“Renters of Vancouver” takes an intimate look at how the city's residents are dealing with the housing crisis.
“I moved here from Brazil about a year and a half ago for school. In that time, I’ve lived in four different places.
“I can only work part-time, so my salary is $800. My budget for rent is $500—or $550 at best—so it’s been tough to find a good home. The first suite I found was in a house with a very traditional family, who were really religious. They lived upstairs with their two sons who were about 20, and I lived downstairs with two other roommates. It was very clean, and I think my mom was happy that I would be living with a family.
“It was okay at first, but I wasn’t allowed to have friends over, and I couldn’t have overnight guests. Initially I didn’t mind because I was so busy working and studying. But they had a set of very specific rules, and if I ever broke them, they would send me a really long email. I could live with that, but it upset me when one day I got a message from the family saying that my room was not as tidy as they expected. The mother had just walked into our unit unannounced without any notice, and went into my space—which is against the Residential Tenancy Act.
“Next, one person—it could have been one of the two sons, or either of my roommates—downloaded something illegally. We had a week of interviews with the family. It felt like I was in a police station in my own house. They showed us a bunch of papers which threatened a $1400 bill for the download—which, by the way, could never be enforced—and they were very aggressive. In the end, they couldn’t prove who it was, so they eventually dropped it.
“After that it got worse. I was just browsing Facebook, and there was an article about women’s sexual health. When I went to open it, I found that the website was blocked because of the word ‘vagina’. I went to check if they’d just prohibited that site in particular or others too, and every remotely sketchy word I put in was blocked. They’d put parental controls on my internet.
“They took the IP address of every computer in the house, and I’m pretty confident that they were monitoring what we were looking at. I did an experiment to check it out, and went to an obscure website to download a TV show episode. A day later, that website—and only that website—would be blocked. After six months, I just got so frustrated with the invasion of my privacy and being able to browse basic sites that I decided to move out.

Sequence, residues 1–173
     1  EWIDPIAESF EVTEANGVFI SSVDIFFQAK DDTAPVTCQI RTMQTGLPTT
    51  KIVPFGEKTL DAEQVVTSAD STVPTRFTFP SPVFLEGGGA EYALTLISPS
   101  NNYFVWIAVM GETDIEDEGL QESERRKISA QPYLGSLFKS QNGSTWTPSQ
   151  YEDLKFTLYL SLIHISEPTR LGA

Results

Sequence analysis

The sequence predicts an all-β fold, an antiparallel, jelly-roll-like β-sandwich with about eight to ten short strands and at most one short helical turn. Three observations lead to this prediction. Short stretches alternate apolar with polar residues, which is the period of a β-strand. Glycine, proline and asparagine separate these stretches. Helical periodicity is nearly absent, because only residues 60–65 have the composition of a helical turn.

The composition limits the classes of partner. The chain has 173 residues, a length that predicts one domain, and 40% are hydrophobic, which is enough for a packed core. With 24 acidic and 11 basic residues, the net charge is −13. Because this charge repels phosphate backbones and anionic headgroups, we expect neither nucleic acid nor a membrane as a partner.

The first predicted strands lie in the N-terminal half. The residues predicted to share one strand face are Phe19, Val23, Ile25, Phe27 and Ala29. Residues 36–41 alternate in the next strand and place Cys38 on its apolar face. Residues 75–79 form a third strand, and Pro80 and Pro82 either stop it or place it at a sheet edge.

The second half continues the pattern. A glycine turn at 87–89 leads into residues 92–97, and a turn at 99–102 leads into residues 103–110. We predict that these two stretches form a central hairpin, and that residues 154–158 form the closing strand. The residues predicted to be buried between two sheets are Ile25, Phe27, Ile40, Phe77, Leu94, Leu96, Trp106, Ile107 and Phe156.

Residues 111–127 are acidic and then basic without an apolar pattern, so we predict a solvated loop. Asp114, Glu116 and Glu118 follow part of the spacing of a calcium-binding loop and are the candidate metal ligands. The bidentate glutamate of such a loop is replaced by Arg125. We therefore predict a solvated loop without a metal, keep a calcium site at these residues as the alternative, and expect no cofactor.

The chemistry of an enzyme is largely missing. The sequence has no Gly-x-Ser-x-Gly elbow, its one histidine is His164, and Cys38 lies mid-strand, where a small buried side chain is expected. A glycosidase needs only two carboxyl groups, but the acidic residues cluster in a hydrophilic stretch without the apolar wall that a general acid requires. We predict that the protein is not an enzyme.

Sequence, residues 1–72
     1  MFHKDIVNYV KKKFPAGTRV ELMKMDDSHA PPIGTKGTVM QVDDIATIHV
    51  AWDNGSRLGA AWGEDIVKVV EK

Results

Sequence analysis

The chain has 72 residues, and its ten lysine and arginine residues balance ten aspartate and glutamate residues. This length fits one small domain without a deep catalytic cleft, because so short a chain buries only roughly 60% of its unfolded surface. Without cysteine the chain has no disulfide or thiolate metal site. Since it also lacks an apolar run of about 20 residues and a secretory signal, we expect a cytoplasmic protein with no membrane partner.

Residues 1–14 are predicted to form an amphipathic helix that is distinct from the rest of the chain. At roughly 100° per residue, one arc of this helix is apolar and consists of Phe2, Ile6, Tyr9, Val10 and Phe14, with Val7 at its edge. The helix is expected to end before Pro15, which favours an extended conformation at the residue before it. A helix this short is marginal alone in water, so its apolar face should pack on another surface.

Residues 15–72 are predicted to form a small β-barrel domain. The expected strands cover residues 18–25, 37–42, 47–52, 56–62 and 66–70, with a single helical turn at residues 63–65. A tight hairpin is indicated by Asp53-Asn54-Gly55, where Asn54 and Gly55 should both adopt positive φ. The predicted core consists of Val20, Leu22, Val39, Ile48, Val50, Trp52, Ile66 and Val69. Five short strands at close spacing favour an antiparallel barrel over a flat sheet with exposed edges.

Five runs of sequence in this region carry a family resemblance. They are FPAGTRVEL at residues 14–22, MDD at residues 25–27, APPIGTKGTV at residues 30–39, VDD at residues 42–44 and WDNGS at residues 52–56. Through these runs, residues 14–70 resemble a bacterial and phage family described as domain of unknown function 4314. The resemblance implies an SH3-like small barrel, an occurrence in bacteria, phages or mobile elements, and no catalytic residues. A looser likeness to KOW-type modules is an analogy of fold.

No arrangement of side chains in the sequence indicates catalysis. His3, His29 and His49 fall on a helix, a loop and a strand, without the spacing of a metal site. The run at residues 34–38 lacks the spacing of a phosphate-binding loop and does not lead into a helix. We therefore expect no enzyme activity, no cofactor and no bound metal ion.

“I wanted to do it the right way, so I gave them my one month’s notice to get my deposit back. I cleaned everything, and it was spotless. On the last day, they found a tiny scratch on the wall, and told me that they wouldn’t return my deposit. I freaked out, and eventually negotiated it so that they would take $80 for a normal wear-and-tear scratch. I knew I was being ripped off, but I just wanted to leave.
“At the next place I moved to, I never met the landlord. There was a live-in caretaker instead, who had fibromyalgia. He was in a lot of pain, and wanted us to help him. When he interviewed people for the rooms, it was centered around his condition—we felt he would only rent to people who agreed to help him with his disease. I didn’t mind, and I would buy his groceries or liquor. For the most part, I liked the other people in the house, although there was an alcoholic lady who was quite hard to deal with, and another who was a drug addict and would randomly message me some very weird stuff.
“It wasn’t all great, though. One time when I got home from work, I turned on my light and I saw about 10 cockroaches running away. The next day when I was using my hairdryer, I lifted it up to turn it on, and a roach fell out into my hair. I talked to the caretaker to get them sorted, which he did do—but it took some time.
“A month later, the alcoholic woman smashed up the house. Then the following week, the guy that had problems with drugs kept asking me to come over to his apartment, and telling me that he could hear everything that I did. I had been friends with a couple in a different suite who had been my coping mechanism, but after they moved out, I started feeling unsafe.
“After that, the house got bedbugs. The caretaker said that he would sort it out, and eventually got a fumigator who treated most of the rooms. He asked me if I wanted mine done too. I hadn’t had any problems with the bugs, so I asked the fumigator if he thought it was necessary. He said it wasn’t. I thought that you had to treat the whole house, but I listened to his opinion. The next day I realized that the bedbugs had just run from the rooms that were sprayed into mine. When I woke up I was covered in bites.
“I decided to move out, even though I couldn’t really afford it. Luckily, the place I live in now is way better. There are no bedbugs, no roaches, no crazy people, and the internet works. It took a year and a half to get here, but I think I’ve found a good home.”